Monday, July 30, 2012
By guest contributor, Ken Rank
There is a disturbing and very avoidable trend occurring within the Hebrew Roots movement, a denial of Paul as an Apostle and teacher. The thought is, that Paul is teaching within his letters that we do not need to obey God and that Torah (God’s instructions, Law) has been done away with. Because of this, some who have come to walk in Torah yet still have the testimony of Yehoshua (Jesus) are publicly debasing Paul, using terms like false teacher, false apostle, and false prophet. I find this to be personally disturbing as it was through Paul’s writings that I came to walk in Torah myself.
I believe the problem rests on one simple fact; the Hebrew Roots movement is still filled with people who think in a Western Greek influenced mindset. What I mean is, we are “born into” a society which is Greek influenced, and the Greek paradigm stands at odds with the Hebraic. The Greek language is extremely concrete (as is English) but its application is very abstract. Things tend to be more “spiritualized” according to Greek thinking, whereas the opposite is true when it comes to the Hebraic. There, the language is extremely abstract, but the application of it is very concrete. So most of the Western world is raised with a Greek influence, a Greek paradigm, we very much tend to spiritualize any interpretation regardless of whether or not the author of the work we spiritualize intended his thoughts to be interpreted in that manner. Case in point is Paul. The Apostle Paul was a Jew. He was of the Tribe of Benjamin, which was part of Judea; he was also a Pharisee (from Beit Hillel, the House or School of Hillel) and one who was very much in tune with the culture as well as the exegetical (interpretational) methods of that day.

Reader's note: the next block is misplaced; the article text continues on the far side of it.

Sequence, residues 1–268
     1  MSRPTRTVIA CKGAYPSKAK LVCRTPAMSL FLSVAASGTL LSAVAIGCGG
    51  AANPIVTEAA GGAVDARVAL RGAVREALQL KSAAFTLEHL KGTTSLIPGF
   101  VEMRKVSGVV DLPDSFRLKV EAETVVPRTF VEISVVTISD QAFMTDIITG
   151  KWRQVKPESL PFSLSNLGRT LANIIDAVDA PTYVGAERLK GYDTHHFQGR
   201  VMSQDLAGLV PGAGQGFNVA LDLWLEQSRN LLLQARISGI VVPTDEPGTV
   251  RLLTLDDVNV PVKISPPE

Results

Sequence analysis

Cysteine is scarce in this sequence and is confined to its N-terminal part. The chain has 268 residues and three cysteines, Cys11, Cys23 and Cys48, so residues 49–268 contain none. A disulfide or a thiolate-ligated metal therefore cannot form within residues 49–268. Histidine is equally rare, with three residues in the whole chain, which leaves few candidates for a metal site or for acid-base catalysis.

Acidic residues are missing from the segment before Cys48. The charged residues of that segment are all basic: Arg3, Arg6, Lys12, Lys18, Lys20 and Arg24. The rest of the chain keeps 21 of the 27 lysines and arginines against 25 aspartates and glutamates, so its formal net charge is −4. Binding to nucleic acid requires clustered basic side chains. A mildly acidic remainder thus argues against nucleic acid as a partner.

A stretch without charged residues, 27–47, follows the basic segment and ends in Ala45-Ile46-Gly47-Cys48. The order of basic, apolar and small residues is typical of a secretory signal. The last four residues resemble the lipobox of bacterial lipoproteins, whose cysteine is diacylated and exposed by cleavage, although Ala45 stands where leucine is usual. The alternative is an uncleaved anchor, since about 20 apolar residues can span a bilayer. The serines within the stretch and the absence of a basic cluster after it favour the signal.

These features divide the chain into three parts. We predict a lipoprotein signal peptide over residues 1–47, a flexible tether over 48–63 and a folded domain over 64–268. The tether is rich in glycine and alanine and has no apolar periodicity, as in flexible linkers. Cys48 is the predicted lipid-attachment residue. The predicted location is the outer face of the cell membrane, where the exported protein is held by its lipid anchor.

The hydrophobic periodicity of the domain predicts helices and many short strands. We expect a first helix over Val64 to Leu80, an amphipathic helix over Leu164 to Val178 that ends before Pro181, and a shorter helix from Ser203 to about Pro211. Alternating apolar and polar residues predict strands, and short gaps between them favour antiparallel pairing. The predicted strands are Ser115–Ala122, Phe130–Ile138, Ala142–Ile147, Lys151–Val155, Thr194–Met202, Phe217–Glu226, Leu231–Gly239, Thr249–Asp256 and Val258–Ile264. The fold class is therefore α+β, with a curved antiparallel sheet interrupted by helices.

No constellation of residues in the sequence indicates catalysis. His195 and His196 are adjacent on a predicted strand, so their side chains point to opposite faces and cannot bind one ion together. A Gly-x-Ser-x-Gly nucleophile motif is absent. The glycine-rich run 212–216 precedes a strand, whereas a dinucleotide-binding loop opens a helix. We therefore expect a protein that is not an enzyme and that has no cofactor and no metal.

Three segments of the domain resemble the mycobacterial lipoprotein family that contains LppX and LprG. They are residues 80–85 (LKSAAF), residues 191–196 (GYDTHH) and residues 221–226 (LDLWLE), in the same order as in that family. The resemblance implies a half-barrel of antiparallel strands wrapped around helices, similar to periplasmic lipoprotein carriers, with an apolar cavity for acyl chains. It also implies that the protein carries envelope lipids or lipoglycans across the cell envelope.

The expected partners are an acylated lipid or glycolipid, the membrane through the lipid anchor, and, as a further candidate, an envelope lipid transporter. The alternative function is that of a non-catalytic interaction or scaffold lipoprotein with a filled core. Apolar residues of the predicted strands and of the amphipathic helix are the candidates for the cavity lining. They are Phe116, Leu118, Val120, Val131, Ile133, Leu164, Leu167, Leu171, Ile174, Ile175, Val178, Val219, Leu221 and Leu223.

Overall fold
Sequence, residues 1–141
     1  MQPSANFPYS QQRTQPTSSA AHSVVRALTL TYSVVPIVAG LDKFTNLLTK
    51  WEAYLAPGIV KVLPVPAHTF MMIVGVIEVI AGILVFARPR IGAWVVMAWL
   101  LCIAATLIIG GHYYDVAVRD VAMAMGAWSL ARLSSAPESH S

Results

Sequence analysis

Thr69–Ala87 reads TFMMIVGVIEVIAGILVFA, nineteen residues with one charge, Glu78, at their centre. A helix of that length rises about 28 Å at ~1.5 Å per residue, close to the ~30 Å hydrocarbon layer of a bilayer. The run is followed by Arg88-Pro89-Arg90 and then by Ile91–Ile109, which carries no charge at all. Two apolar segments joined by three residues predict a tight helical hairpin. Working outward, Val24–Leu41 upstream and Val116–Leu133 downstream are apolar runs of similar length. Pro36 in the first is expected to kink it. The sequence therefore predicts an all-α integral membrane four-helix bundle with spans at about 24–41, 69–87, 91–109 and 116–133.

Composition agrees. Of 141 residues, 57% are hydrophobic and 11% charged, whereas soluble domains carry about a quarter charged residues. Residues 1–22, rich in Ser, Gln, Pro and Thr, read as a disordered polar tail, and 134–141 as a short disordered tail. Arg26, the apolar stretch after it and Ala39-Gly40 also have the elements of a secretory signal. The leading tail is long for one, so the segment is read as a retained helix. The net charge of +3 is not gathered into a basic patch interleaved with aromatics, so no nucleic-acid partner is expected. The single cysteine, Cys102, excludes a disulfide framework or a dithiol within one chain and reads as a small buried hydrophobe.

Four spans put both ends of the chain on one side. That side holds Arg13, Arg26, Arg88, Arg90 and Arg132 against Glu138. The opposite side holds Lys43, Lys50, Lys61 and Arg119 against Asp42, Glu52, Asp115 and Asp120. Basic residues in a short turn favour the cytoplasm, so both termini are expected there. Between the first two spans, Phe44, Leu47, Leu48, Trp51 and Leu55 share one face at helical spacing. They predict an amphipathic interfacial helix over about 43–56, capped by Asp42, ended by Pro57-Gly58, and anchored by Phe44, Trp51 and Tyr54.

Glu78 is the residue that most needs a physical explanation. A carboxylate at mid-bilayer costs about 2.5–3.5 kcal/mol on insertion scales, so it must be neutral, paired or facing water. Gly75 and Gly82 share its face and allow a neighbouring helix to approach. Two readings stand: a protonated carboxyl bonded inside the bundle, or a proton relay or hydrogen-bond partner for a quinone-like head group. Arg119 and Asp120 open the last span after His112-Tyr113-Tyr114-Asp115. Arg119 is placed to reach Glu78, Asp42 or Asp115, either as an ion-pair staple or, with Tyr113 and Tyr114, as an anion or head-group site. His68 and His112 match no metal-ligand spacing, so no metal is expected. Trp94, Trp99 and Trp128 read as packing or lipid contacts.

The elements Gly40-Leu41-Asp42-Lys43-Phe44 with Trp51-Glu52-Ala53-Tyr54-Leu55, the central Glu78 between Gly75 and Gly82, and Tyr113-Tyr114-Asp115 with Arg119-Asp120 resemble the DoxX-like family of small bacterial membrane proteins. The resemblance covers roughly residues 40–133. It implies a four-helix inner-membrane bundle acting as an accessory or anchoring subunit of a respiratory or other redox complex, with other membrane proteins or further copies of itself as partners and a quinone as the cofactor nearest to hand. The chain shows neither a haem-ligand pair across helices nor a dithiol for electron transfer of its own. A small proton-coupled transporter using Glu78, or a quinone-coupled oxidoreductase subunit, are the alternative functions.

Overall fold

When somebody from the Western world is raised in a Christian society, his paradigm is Greek centered. Meaning, he is raised to look at form rather than function, and apply what he sees in scripture abstractly or spiritually, rather than concretely. When that same person comes to Torah and begins to keep the Feasts, he is now taking part in things more Hebraic in nature and he has come to see that when God calls something everlasting it remains everlasting, but he is still thinking from a Greek paradigm. So while he understands that the Sabbath is a sign between God and His people for ALL generations, he can't align Paul to that statement because Paul might have said something like, “you are no longer under the law, you are under grace.” The notion that his understanding about the Sabbath and a statement like this by Paul is not in conflict, is missed. The reason it is missed is simply that the Greek thinking Torah keeper is not thinking from the same paradigm a writer like Paul was using. Understand, I am not saying Paul did not write using abstract terms, he did… but he intended for a concrete application of them, whereas the culture we are raised in gives his work an abstract application. Assuming Paul wrote Hebrews, an example would be Hebrews 4:9 which states, “There remains a Sabbath keeping for the people of God.” Because “rest” is the translation in most bible versions of sabbatismos here (it literally means “a Sabbath keeping”), and because we are raised to spiritualize our interpretations, this is taught to mean we are to somehow spiritually “rest in Jesus,” leaving no room for the concrete interpretation that “there remains a Sabbath keeping for the people of God.”